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Daniel James is a British historian educated at Oxford University. He received his doctorate from the London School of Economics. He is an expert in Peronism and the working class in Argentina. He is popular in Argentina as a result of his analysis of the Peronist government. His book "Resistance and Integration" is a landmark in the study of Peronism.

He has taught at Cambridge University, Yale and Duke University. From 1999 to 2007 he was the Bernardo Mendel Chair in Latin American History at Indiana University. He was the recipient of a 2006 Guggenheim fellowship.[1] He now works at the University of Aberdeen, Scotland, where he is Chair in Hispanic Studies and Modern Thought.



"In an important sense the working class [of Argentina] was constituted by Perón: its self-identification as a social and political force within national society was, in part at least, constructed by Peronist political discourse"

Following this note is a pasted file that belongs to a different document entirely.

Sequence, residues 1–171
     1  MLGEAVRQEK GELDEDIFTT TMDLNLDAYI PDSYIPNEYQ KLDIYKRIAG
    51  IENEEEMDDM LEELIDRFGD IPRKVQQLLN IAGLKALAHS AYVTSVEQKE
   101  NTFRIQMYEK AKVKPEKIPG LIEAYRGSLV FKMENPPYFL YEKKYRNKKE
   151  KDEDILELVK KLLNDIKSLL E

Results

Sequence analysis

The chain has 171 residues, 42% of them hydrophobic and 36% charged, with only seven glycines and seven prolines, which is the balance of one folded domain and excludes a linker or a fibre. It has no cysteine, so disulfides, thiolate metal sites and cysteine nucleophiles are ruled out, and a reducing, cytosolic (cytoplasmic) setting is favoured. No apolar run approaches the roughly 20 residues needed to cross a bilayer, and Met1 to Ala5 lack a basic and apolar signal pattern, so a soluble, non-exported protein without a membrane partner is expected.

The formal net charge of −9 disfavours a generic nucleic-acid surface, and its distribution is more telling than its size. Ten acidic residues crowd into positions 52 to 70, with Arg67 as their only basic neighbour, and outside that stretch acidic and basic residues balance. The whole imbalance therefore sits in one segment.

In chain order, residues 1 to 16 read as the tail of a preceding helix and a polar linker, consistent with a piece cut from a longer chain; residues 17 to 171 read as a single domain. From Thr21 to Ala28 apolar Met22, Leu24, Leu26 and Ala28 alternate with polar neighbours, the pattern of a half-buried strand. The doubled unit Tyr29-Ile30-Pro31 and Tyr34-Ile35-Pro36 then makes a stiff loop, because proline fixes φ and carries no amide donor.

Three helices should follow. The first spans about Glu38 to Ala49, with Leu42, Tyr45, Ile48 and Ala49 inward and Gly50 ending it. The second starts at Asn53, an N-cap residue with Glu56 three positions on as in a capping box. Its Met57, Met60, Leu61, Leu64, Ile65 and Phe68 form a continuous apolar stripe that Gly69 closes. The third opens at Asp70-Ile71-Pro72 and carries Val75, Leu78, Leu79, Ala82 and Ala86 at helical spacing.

List of works

  • Resistance and Integration: Peronism and the Argentine Working Class, 1946-1979. Cambridge: Cambridge University Press, 1988.
  • The Gendered Worlds of Latin American Women Workers: From Household and Factory to the Union Hall and Ballot Box. Durham, NC: Duke University Press, 1997. (Co-editor with John French)
  • Doña María's Story: Life History, Memory, and Political Identity. Durham, NC: Duke University Press, 2000.


  1. ^ "Guggenheim Foundation 2006 Fellows". John Simon Guggenheim Foundation. 2006. Retrieved 2008-11-10.  

External links


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